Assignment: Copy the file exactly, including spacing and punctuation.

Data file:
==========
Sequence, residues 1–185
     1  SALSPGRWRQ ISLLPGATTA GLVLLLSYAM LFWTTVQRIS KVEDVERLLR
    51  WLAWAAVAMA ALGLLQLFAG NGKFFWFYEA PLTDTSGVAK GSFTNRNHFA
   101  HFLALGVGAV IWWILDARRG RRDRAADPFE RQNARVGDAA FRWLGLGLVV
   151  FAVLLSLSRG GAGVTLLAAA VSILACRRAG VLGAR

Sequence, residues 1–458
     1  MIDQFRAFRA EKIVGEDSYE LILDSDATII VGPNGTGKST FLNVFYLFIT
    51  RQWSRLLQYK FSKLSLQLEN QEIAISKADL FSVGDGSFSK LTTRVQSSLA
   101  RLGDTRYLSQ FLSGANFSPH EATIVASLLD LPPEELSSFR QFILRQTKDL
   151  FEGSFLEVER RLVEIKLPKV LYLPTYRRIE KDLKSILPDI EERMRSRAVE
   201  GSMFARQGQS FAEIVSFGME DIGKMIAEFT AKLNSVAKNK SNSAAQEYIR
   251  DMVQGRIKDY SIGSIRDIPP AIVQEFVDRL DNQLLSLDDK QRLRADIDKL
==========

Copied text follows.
Sequence, residues 1–185
     1  SALSPGRWRQ ISLLPGATTA GLVLLLSYAM LFWTTVQRIS KVEDVERLLR
    51  WLAWAAVAMA ALGLLQLFAG NGKFFWFYEA PLTDTSGVAK GSFTNRNHFA
   101  HFLALGVGAV IWWILDARRG RRDRAADPFE RQNARVGDAA FRWLGLGLVV
   151  FAVLLSLSRG GAGVTLLAAA VSILACRRAG VLGAR

Sequence, residues 1–458
     1  MIDQFRAFRA EKIVGEDSYE LILDSDATII VGPNGTGKST FLNVFYLFIT
    51  RQWSRLLQYK FSKLSLQLEN QEIAISKADL FSVGDGSFSK LTTRVQSSLA
   101  RLGDTRYLSQ FLSGANFSPH EATIVASLLD LPPEELSSFR QFILRQTKDL
   151  FEGSFLEVER RLVEIKLPKV LYLPTYRRIE KDLKSILPDI EERMRSRAVE
   201  GSMFARQGQS FAEIVSFGME DIGKMIAEFT AKLNSVAKNK SNSAAQEYIR
   251  DMVQGRIKDY SIGSIRDIPP AIVQEFVDRL DNQLLSLDDK QRLRADIDKL